Monday, November 26, 2007

compost redux

Several people -- not just Ed in his recent comment -- have expressed Santa Monica envy re the discounted composters. One pal even wondered if he could bribe K into picking up one for him (and then said, "Oh, I guess I oughta return his cds before I ask a favor like that.")

Maybe I'll call up the city tomorrow and see what it would take to get something like that started for Pomona. I gather that it's a special deal with S&H, as a number of municipalities around the country have the exact same pricing structure.

I think we'd absolutely have to have the non-resident boost, since all the Claremonters will be swarming city hall asking for their Smith & Hawkenware. But there are worse things than Pomona earning a reputation as the greenest town in the Pomona Valley -- without going so far as to astroturf public lands. Talk about the tragedy of the commons!


Anonymous said...

Thanks for taking an active role in improving Pomona.

I'm not trying to be obnoxious to the city staff, but could you post the city's response and include the name of the city employee. Hopefully, the city administration will see the value of being in the forefront, but I'm guessing NOT.

K said...

I'm not going to be too upset if Pomona can't hook us up with cheap composters -- I mean, the city has a few other problems to work on. :-(

I wonder if there is any way to get some sort of county agency on the problem? I noticed that up in the Bay Area, several of the counties were distributing similar composters for similar prices.

Anonymous said...

I'm more interested in how the city handles the query than in the "blue light special", but $25/$35 is quite a deal.

We have an abundance of pundits claiming the city is part of the problem. Here is an addressable finite issue, so what will the city staff do. I'm even ok if they punt the problem to the county, because they will have chosen an action.

My fear (more a concern) is that the city staff fixates on the "few other problems" and never moves the city forward, even incrementally. I'm not here shouting derelict to every city employee, but as residents, we should expect some level of accountability. For instance, why does a city employee handling graffitti park his vehicle on the grass in LP only to talk on his cell for thirty minutes? Why has a year old request to post the Council minutes online still not been addressed? I've got a great one on the Safe Routes to School program.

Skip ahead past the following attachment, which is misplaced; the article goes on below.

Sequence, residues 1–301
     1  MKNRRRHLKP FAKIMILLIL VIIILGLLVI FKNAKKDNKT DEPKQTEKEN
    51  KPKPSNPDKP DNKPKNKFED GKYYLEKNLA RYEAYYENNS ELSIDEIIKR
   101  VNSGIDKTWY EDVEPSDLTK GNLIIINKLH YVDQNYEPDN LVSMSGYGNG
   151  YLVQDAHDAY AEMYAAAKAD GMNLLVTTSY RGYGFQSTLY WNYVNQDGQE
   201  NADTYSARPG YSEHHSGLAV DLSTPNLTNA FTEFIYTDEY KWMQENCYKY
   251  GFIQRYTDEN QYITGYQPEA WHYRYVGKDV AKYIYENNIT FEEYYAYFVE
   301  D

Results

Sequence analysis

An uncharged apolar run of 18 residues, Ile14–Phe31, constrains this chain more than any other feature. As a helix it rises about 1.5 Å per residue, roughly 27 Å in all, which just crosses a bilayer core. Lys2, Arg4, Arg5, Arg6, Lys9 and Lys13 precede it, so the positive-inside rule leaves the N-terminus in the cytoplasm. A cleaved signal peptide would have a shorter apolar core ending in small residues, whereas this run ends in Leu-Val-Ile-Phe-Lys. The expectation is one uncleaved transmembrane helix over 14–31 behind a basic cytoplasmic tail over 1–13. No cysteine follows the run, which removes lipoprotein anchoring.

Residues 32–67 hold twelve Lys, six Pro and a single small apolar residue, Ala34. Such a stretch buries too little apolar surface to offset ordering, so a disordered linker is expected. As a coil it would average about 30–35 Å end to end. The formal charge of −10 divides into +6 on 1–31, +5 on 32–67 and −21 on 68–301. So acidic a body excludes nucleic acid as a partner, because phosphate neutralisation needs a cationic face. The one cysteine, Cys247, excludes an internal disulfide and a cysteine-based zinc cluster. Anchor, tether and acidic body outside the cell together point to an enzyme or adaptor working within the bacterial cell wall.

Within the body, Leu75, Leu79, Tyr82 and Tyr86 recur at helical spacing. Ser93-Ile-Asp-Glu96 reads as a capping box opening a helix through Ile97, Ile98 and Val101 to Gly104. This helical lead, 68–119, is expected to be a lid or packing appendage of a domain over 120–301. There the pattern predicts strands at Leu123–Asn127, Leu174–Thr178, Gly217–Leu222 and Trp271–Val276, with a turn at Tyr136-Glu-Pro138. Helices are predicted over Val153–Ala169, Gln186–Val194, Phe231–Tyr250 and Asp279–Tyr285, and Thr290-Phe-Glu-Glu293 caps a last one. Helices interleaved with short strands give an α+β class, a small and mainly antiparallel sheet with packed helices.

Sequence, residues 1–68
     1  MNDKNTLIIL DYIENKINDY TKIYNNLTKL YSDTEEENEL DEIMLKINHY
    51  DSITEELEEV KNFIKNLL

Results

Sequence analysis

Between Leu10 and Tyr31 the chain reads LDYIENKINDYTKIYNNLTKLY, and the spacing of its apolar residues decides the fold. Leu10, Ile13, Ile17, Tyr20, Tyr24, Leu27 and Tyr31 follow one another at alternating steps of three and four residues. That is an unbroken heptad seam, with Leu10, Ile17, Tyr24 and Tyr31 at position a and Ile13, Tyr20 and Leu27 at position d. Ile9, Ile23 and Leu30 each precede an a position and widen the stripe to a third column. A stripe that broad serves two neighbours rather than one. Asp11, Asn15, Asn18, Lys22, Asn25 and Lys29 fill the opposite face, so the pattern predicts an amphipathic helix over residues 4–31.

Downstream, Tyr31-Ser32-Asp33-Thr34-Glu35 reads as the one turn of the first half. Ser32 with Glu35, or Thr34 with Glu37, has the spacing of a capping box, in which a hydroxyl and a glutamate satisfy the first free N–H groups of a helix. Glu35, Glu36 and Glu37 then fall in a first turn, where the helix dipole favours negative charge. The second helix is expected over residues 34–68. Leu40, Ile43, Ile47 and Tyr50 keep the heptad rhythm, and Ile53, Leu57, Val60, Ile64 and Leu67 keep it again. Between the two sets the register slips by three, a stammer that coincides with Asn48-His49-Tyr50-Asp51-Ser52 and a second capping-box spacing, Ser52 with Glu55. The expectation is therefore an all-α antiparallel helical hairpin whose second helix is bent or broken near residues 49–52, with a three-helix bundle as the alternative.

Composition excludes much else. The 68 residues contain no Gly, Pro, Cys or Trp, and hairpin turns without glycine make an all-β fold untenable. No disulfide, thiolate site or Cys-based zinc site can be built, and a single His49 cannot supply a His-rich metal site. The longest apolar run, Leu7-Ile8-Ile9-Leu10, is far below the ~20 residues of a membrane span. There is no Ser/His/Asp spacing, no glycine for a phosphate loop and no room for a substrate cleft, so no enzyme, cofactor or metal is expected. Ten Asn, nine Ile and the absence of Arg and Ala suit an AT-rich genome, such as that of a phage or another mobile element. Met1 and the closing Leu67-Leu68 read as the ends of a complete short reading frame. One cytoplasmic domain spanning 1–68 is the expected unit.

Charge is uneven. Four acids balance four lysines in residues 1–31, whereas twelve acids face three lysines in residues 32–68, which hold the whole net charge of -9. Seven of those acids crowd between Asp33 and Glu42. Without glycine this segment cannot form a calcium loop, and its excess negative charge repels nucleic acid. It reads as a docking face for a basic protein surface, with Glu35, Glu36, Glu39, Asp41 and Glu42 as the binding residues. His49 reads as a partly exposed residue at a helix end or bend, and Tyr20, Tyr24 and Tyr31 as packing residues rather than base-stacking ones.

Sorry for the rant, and I do agree the city has "larger fish to fry" than composters, but it's a start. Shouldn't it be in a city where the average resident would never contemplate a Smith & Hawken composter, that the city actually makes it happen.

I may be taking this post farther than Meg intended, but should we really be arguing for mediocrity? Can this city move forward if it never looks beyond those "few other problems"?

"My Pomona" is progressive and innovative, despite the socioeconomic reality. What's yours? :-)

K said...

"My Pomona" is progressive and innovative, despite the socioeconomic reality. What's yours? :-)

Well said. I try to be progressive and innovative, and I certainly want my city to be the same way. I generally fall rather short of that, and I won't be surprised if my city does, too.

I'm not really sure what to do for Pomona -- we've been here nearly six months, and I still don't know how things work, or even where my effort should be going. I slacked off on Ed's Lincoln Elementary PTA stuff, only to discover that school was out on the Wednesday before Thanksgiving and it was too late to contribute.

I guess there's always the argument that city staff could be sitting around, burned out on trying to fix the bazillion problems of Pomona, and might be enthusiastic about doing something green. I guess it can't hurt.